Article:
Uganda President Yoweri Museveni, who has been in power since the 1986 coup, is doing his best to win the sixth term ahead of Thursday’s elections. Police used COVID protocols as an excuse to shut down the opposition incidents while arresting and harassing pop star and politician Bobi Wine. Then government agencies closed access to social media applications such as Facebook, Twitter and WhatsApp. Internet blocking puts a wall in front of cryptocurrency trading



Ugandans use VPN, government shut down radically the internet

However, as it turned out that Ugandans are circumventing social media restrictions through virtual private networks (VPNs), the Uganda Communications Commission has unplugged the entire internet indefinitely. Operation of international gateways of internet service providers has been suspended.

Expat Kyle Spencer, head of the nonprofit Uganda Internet Exchange Point, which aims to improve the country’s internet connectivity, wrote that Uganda is “out of the world.” Domestic internet traffic fell 95% in one day. The saying goes, “Only a few webs still have a pulse, but most of them have straight lines.”

On January 12, when social media sites were first targeted, an anonymous source said:

Closure in Uganda is to prevent the flow of information from the public at a time when we need full transparency and open reporting.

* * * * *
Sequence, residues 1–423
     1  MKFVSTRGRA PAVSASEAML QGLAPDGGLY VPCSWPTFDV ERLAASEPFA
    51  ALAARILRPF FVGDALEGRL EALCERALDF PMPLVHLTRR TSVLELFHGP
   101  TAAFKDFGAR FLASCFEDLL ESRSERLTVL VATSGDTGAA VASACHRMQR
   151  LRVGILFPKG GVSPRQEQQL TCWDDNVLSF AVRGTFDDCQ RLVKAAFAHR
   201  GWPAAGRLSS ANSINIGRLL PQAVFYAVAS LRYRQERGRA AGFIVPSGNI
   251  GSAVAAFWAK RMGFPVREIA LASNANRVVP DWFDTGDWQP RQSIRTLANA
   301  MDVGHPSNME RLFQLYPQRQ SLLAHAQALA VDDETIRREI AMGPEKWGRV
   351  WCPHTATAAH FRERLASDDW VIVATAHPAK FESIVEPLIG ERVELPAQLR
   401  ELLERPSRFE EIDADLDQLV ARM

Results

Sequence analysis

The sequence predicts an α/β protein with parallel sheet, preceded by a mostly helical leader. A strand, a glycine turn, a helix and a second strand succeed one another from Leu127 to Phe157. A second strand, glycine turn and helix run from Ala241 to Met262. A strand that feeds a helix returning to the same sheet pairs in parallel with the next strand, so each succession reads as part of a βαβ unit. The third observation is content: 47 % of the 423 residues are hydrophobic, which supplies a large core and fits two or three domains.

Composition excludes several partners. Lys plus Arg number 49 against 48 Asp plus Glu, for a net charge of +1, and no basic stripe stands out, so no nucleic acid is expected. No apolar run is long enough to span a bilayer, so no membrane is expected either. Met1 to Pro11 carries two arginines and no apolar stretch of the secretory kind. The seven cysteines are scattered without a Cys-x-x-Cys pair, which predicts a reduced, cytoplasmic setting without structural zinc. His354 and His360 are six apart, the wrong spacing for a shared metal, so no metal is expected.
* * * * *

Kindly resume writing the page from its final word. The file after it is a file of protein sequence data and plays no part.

Bitcoin and cryptocurrency trading stopped in the country

No Bitcoin trading activity on LocalBitcoins or Paxful has been reported on peer-to-peer exchanges in Uganda since January 14, according to analysis site UsefulTulips. Ghanaians, Nigerians, and Kenyans are trading, but Ugandans have completely stopped. UGX trades on LocalBitcoins were only possible in neighboring countries Rwanda, Tanzania and the Democratic Republic of the Congo.

The market in Uganda is quite small. P2P markets are trading anywhere between $ 5,000 and $ 15,000 a day. “It’s actually so small that Binance even closed its local sites in November 2020 due to low trade volumes,” the anonymous source said.


Authoritarian governments can put a wall on cryptocurrency trading

But the lack of activity still seems alarming. Bitcoin has some soft spots in countries with authoritarian-leaning governments and monopolies.

The disrupted telecom company MTN Uganda controls 60% of the country’s mobile phone market, playing a key role in providing access to the internet via smartphones and USB devices. And it runs Mobile Money, a mobile-based payment system that many use to send money transfers, pay tuition fees, and buy “censorship-resistant” Bitcoin.

However, Ugandans are used to such cuts and are adept at creating workarounds. In 2018, the government started taxing visits to social media apps on mobile phones as a way to prevent “gossip.” It was no surprise that social media sites were blocked earlier this week.

This also means that opposition groups are ready for dirty tricks. Bobi Wine supporter Hilary Innocent Taylor Seguya, who sued for blocking President Museveni on Twitter, told Decrypt:

We encouraged many people to set up a VPN. Museveni doesn’t want Ugandans to communicate about election irregularities and illegalities this Thursday, but we’re fortunate to have a VPN alternative today.

However, blockchains can still work even if the internet is restricted (using everything from satellites to networks).


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